Why should Christians do good?


It’s that age-old question: if we’re saved by grace alone through our faith in Jesus, why bother with doing good? Paul anticipated this question:

‘What shall we say, then? Shall we go on sinning so that grace may increase?’ Romans 6:1

Well, no. We know that being a Christian means changes to our life. But why?


This is a common one.

Gratitude should be our default before God (Romans 1:21). But we speak about gratitude as something we give back to God – almost like a payment.

He did everything for me in Jesus so I pay him back with my gratitude.

But what happens when we run out of gratitude? When we feel flat? When we’re battling bitterness against God?

Gratitude is right and good, but it only goes so far. It’s not enough to empower the radically changed lives that followers of Jesus are called to (Ephesians 4:1).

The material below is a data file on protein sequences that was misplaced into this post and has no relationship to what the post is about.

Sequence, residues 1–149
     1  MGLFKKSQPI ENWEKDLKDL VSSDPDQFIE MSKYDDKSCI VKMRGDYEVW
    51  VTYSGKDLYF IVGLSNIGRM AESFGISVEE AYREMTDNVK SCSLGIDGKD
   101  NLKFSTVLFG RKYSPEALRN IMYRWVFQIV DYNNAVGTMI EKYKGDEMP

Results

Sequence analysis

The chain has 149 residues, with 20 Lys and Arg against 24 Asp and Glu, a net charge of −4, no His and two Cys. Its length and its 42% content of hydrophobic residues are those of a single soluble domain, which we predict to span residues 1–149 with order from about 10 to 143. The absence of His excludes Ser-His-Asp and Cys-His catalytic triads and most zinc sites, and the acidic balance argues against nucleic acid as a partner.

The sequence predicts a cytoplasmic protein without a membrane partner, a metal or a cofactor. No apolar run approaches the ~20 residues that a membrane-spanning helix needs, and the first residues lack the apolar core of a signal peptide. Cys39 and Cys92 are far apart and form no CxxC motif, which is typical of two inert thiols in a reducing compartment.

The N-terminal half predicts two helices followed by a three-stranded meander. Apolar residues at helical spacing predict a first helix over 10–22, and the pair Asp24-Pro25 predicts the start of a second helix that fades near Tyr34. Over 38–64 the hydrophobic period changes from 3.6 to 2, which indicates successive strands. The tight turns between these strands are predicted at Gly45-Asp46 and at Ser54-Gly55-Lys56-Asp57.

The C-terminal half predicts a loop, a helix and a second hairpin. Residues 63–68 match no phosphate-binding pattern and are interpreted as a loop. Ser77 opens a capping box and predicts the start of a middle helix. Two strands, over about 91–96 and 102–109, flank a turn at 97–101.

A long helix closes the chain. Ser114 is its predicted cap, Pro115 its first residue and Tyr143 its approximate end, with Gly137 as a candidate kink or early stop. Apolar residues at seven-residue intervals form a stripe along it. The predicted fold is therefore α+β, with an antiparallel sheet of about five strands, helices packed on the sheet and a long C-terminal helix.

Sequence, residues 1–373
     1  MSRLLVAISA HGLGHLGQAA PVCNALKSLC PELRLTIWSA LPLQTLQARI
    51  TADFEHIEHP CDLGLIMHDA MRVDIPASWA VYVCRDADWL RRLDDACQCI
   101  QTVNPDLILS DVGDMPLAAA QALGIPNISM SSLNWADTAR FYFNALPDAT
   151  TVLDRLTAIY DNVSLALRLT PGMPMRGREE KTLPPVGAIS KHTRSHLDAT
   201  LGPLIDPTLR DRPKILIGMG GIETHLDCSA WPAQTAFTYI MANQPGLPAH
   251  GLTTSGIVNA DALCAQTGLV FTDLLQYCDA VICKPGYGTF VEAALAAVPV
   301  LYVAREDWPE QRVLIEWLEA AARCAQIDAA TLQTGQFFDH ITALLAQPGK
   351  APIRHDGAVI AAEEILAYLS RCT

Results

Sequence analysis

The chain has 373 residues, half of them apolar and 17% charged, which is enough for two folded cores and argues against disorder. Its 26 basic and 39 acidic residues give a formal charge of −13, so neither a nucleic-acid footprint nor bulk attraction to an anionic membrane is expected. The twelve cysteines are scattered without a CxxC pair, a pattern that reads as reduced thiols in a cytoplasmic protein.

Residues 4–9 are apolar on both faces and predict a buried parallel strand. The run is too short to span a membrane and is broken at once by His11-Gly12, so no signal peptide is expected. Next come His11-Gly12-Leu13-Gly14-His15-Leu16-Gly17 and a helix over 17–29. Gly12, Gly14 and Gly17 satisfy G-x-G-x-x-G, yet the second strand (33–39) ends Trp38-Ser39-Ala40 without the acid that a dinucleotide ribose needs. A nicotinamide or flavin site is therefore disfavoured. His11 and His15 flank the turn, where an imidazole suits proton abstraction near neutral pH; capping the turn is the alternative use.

God doesn’t call us to look to our gratitude reserves, but to our new identity to fuel our holy living:

‘We are those who have died to sin; how can we live in it any longer?’ Romans 6:2

Whereas we were previously slaves to sin, God gives us a new identity (Romans 6:6). He calls us, ‘dead to sin.’

We can’t be ‘more dead’ to sin when we’re serving hard at church, or ‘less dead’ to sin when we click on a porn site. There’s no sliding-scale. Christians are dead to sin. End of.  


Paul goes on: “Count yourselves dead to sin but alive to God in Christ Jesus” (Romans 6:11).

No longer dead, but alive.

A butterfly flies, not out of gratitude that it’s no longer a caterpillar; it flies because it’s a butterfly.

We must put sin to death and do good, not first out of gratitude, but out of our new identity: we’re dead to sin and alive in God.